A year later, my daughter was diagnosed with a unique eating disorder, ARFID/Avoidant Restrictive Food Intake Disorder. Again, our family was dealing with hospital visits, self-harm, panic attacks, depression, and anxiety. And as any mother knows, “you’re only as happy as your least happy child.” I was certainly at a loss for happiness.

Fast-forward to a couple of months ago. My daughter is healthy. My son hasn’t had a seizure in five years and is med-free. I felt stable. I felt like I could do this again.

I decided I didn’t need the medication any longer.

So, I self-weaned without instructions or supervision from my doctor. Since I was on practically the lowest dose of Venlafaxine possible (75 mgs), I thought I could just take half a dose for a few days and then call it quits. So that’s what I did.

Oh, how wrong I was. I will never, ever advise anyone to go off any kind of med they’ve been taking for a while without the help of a professional.

A day later I started having symptoms I couldn’t really explain. I was having ‘blips’ in my brain, almost as if shock waves were snapping through my head. I felt disoriented, unfocused, and nauseous. I don’t know what it feels like to have a stroke, but at one point my hands clenched up and my mouth was not working properly. That was when I told my daughter I thought I was having a stroke and she needed to take me to the emergency room. We were both in hysterics. I thought to myself, “I am dying.”

The doctors gave me an EKG, a pregnancy test, X-rays, an IV of meds and saline, and a battery of other tests. I was up front with my decision to wean, but they chalked up my visit to low electrolytes and potassium, and dehydration. But I knew it was more than that that led me to the ER – I just wasn’t sure what had happened.

When I saw my general practitioner a few days later, she said she had read over my notes from the ER visit, and was shocked to see I self-weaned and so very fast. “I’m 100 percent sure you ended up in the ER because you stopped taking your antidepressant so quickly,” she said.

I thought I was doing something good for myself by getting off that drug. She agreed that it was a good time to stop taking the antidepressants, but she would have helped me slowly and safely wean from it. She said she would have weaned me in about a month’s time. I did it in four days with the feeling of death knocking on my door.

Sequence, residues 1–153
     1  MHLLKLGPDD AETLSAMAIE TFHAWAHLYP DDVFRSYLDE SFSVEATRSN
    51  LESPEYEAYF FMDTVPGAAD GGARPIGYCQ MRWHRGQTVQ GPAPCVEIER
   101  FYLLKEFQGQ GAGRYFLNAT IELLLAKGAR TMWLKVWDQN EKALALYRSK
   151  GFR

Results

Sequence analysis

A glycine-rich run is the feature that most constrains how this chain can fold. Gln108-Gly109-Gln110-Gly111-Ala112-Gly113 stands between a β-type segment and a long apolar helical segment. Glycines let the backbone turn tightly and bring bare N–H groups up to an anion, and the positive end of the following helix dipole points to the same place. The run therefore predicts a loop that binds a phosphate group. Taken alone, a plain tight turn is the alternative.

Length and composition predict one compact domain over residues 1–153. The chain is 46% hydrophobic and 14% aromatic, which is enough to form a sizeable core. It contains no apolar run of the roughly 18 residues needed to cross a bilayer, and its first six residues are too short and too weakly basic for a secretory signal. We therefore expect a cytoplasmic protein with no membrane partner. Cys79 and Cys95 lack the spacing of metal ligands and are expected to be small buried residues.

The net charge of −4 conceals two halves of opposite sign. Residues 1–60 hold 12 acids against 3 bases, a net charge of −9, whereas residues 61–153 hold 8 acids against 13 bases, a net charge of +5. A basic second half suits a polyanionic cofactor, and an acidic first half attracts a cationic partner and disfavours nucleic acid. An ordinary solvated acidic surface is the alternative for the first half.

Now that I’m off the drug, I feel different, but not in a bad way. I have stronger feelings. Emotions ride up faster than they ever did, and that’s okay. You know how if you watch a particularly emotional commercial and that telltale lump begins to travel up your throat – the one that sparks choking tears? I feel that a lot now. And I don’t remember feeling that sensation in a long time. When this happens, I tell myself, “It’s okay to feel emotions. It means you are alive; you are living. Acknowledge the emotion but don’t let it control you.”

So that’s what I do. If I feel like I have to cry, I’ll cry. Occasionally I feel anger toward something that usually wouldn’t have bothered me. If something makes me exceptionally happy and excited, that’s okay too. In fact, that’s really good. For so many years I had been going though the motions, dealing with the everyday tasks of my life. Now, for the first time in a very long time, I am feeling all the feels. And you know what? It feels pretty darn great!

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Stephanie Elliot is a book editor, essayist, and the author of Sad Perfect, a young adult novel based on her daughter’s journey through ARFID/Avoidant Restrictive Food Intake Disorder. She lives in Scottsdale with her husband and three children.